Diagnostic Utility of Thoracoscopy & Mesothelin in Malignant Mesothelioma. Egypt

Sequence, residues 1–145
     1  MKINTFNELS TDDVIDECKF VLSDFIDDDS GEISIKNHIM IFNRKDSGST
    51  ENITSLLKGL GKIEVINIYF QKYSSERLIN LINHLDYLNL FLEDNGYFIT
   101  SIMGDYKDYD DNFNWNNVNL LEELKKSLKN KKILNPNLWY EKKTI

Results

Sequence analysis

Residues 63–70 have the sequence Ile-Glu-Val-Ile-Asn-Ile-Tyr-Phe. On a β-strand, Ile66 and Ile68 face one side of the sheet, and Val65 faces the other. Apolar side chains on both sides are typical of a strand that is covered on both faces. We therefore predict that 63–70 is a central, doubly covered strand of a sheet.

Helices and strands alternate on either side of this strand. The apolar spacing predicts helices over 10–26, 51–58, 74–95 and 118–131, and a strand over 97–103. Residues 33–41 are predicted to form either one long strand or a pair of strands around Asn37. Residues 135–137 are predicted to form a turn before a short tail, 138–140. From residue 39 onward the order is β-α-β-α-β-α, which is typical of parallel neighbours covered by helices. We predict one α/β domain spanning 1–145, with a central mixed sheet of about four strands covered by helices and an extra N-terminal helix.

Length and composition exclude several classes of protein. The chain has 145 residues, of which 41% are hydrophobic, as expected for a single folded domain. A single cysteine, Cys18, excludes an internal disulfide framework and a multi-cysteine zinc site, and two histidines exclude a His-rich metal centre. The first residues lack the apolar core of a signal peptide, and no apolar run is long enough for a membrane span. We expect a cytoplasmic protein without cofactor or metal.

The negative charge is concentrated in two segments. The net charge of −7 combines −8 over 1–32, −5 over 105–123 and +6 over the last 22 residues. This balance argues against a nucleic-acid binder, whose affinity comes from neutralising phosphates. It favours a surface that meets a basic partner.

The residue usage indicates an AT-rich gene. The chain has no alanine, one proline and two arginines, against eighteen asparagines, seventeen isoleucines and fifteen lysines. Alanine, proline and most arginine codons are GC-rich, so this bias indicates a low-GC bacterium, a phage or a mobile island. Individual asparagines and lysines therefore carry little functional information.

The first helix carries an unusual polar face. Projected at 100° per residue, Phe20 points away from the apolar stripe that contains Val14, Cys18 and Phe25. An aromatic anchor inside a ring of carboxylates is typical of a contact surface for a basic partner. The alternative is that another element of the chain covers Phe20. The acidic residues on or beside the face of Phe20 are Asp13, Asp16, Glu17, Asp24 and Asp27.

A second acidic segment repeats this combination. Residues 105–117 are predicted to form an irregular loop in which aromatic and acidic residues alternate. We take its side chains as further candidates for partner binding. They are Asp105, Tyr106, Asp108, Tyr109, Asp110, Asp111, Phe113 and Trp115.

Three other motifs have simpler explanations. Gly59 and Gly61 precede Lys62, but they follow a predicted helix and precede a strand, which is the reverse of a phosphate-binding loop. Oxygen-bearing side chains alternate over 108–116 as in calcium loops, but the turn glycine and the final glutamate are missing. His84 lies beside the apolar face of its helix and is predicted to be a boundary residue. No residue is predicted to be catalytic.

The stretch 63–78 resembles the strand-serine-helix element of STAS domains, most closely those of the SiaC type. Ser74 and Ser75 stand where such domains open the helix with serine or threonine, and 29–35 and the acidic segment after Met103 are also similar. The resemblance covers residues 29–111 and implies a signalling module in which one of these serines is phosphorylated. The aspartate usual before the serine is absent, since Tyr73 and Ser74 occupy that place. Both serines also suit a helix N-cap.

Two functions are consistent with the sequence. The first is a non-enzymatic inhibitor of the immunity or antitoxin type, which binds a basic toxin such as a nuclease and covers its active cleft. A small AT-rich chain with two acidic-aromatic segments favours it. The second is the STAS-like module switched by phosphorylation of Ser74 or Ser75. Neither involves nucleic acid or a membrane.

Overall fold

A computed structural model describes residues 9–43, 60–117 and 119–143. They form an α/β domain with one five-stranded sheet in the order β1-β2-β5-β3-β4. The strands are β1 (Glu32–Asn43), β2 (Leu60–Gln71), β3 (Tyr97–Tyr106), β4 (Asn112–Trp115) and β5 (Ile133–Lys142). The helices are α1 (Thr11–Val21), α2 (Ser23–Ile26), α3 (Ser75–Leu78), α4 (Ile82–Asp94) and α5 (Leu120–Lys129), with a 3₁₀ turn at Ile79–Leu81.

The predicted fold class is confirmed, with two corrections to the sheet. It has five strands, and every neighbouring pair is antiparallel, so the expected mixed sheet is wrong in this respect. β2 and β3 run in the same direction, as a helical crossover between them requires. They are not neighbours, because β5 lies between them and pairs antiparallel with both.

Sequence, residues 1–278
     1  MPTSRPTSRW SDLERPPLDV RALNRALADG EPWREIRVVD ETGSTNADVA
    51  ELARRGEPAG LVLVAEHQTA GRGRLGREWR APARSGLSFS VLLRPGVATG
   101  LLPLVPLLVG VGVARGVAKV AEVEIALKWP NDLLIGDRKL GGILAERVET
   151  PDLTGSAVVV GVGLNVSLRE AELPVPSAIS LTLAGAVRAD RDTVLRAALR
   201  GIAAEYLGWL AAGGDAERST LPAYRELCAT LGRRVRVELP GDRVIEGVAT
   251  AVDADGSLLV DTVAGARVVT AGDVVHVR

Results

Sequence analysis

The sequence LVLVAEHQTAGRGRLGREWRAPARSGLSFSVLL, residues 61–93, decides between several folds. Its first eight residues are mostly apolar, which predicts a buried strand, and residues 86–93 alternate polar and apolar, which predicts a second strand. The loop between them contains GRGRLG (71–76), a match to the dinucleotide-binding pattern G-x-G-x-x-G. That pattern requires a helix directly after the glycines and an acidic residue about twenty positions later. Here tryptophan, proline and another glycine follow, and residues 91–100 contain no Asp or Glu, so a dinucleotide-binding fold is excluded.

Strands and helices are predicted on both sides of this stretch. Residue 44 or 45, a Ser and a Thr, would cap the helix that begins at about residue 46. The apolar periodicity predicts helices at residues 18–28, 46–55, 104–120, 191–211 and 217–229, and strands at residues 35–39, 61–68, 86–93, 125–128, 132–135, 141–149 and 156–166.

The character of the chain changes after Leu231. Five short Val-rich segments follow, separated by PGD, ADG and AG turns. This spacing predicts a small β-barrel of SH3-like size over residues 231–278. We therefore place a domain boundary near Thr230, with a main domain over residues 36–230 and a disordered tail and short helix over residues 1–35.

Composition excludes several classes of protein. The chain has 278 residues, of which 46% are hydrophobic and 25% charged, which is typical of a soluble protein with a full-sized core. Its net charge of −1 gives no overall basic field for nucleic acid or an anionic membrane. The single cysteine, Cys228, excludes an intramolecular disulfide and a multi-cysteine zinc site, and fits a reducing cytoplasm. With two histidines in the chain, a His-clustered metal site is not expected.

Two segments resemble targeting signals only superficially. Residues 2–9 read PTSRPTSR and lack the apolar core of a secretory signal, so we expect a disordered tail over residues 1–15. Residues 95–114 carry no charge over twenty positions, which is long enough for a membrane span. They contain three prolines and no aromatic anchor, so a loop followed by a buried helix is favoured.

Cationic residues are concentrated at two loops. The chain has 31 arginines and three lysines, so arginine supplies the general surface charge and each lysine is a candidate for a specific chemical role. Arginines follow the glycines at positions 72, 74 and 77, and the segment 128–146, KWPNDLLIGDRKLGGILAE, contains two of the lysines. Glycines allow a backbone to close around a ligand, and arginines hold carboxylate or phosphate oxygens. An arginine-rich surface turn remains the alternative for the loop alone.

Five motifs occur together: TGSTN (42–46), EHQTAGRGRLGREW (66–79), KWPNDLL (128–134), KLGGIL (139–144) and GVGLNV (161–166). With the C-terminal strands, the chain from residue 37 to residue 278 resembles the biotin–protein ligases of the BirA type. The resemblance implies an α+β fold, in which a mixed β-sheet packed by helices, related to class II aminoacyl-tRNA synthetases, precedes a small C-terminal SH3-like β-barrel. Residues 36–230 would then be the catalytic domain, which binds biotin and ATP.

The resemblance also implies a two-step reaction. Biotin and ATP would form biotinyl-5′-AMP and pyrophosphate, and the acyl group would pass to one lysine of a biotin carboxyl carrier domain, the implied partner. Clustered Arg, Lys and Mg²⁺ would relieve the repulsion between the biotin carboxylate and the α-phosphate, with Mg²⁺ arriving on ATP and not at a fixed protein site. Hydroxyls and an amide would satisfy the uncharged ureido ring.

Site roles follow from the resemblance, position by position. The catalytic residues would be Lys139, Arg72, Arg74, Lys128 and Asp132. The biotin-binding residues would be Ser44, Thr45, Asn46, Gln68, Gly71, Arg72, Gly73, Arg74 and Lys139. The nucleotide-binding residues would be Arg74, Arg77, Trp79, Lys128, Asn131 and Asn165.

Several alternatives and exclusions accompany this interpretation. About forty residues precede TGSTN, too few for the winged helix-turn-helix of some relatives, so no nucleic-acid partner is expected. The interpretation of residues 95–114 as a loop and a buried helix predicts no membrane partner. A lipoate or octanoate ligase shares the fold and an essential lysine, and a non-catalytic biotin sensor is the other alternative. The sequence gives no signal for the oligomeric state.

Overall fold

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1 Diagnostic Utility of Thoracoscopy & Mesothelin in Malignant Mesothelioma Rana El-Helbawy 1 ; Nesreen El-Helbawy 2 ; Safaa Tayel 2 and Ehab Shaltot 3 1 Chest, 2 Medical Biochemistry and 3 Clinical Oncology Departments, Faculty of Medicine, Minoufiya University, Egypt Abstract: Background Malignant pleural mesothelioma (MPM) is an aggressive malignant tumor of mesothelial origin triggered by asbestos exposure. Mesothelin is a tumour differentiation antigen that is normally present on the mesothelial cells lining the pleura. Mesothelin is an epithelial marker highly expressed by cancer cells from diverse origins, including ovarian or pancreatic adenocarcinomas, and mesotheliomas. Early detection of mesothelioma can greatly improve the chances of survival. Objective Evaluating the utility of mesothelin quantification in serum or pleural fluid as useful adjunction to thoracoscopy in diagnosis of MPM and its additional value over pleural fluid cytology. Methods This study was carried out on 44 adult patients (24 males and 20 females) with exudative pleural effusion divided into three groups; malignant pleural mesothelioma (MPM) (n=16), pleural metastases of carcinomas (Mets) (n=13), and non malignant pleural effusions (n=15). Mesothelin levels were measured in serum & pleural fluid by enzyme- linked immunosorbant assay (ELISA). Results Diagnosis was confirmed by analysis of pleural fluid in 10 out of 44 patients (22.7%), by needle biopsy in 12 out of 34 patients (35.3%), while thoracoscopy had a diagnostic yield of 90.3%. Patients with MPM had significantly higher pleural effusion mesothelin level (107.01±44.16 ng/ml) than those with metastatic effusion of carcinoma (34.88±30.88 ng/ml) or non malignant pleural effusion (38.08±18.99 ng/ml). Serum mesothelin showed similar trends. Pleural fluid & serum mesothelin levels positively correlate in patients with MPM. The optimal discrimination of patients with MPM from non neoplastic group could be performed at a cut-off point of pleural fluid mesothelin ng/ml with area under the curve (AUC) of 0.97 (sensitivity 94%, specificity 100%) and at a cut-off point of serum mesothelin 49.4 ng/ml with AUC of 0.98 and the same (sensitivity 94%, specificity 100%).Pleural & serum mesothelin had an accuracy of 97% in distinguishing between MPM and effusion of non neoplastic origin. Conclusions The pleural mesothelin is useful adjunction to thoracoscopy in the diagnosis of MPM and correlates with serum mesothelin in cases of MPM. Mesothelin can distinguish between MPM and benign pleural effusion. Pleural fluid mesothelin has better diagnostic accuracy than the serum mesothelin in cases of MPM and Mets. [Rana El-Helbawy; Nesreen El-Helbawy; Safaa Tayel and Ehab Shaltot. Diagnostic Utility of Thoracoscopy & Mesothelin in Malignant Mesothelioma. Journal of American Science 2012; 8(8): ]. (ISSN: ) Key words: Pleural effusion, malignant pleural mesothelioma, Mesothelin, SMRP, thoracoscope, 1. Introduction: Malignant pleural mesothelioma (MPM) is an aggressive malignant tumor of mesothelial origin associated with asbestos exposure (1). It strikes about 2,500 people in the U.S. each year. But its rarity-and its tendency to mimic other lung related diseases can make mesothelioma hard to diagnose (2). Diagnosis begins with a review of the patient's medical history, including any history of asbestos exposure. Complete physical examination may be performed, including An X-ray of the chest and lung function test, CT scan or MRI may also be useful (3). Analysis of pleural fluid yields a confirmed diagnosis in a relatively small percentage of MPM patients, and needle biopsy offers only slightly better results. Medical thoracoscopy is recommended in the investigation of patients with MPM, especially when pleural fluid analysis is uninformative. The procedure of choice is the VATS (video-assisted thoracoscopy) procedure, which has a diagnostic yield of >95%, and allows for pleural biopsy, drainage of fluid and pleurodesis (4). Early detection is critical to survival with mesothelioma, the use of pleural or blood based biomarkers might allow detection of MPM at an early stage. Tumor markers offer an attractive means of diagnosis, being less expensive and less invasive (5). Mesothelin is a tumour differentiation antigen that is normally present on the mesothelial cells lining the pleura. Mesothelin is an epithelial marker highly expressed by cancer cells from diverse origins, including ovarian or pancreatic adenocarcinomas, and mesotheliomas (6). Human mesothelin is made as a 69 kda polypeptide with a hydrophobic sequence at the carboxyl end that is removed and replaced by phosphatidylinositol. (7). After glycosylation at one or more of its four putative glycosylation sites, it is probably cleaved by the protease furin to yield a 32 kda soluble protein 794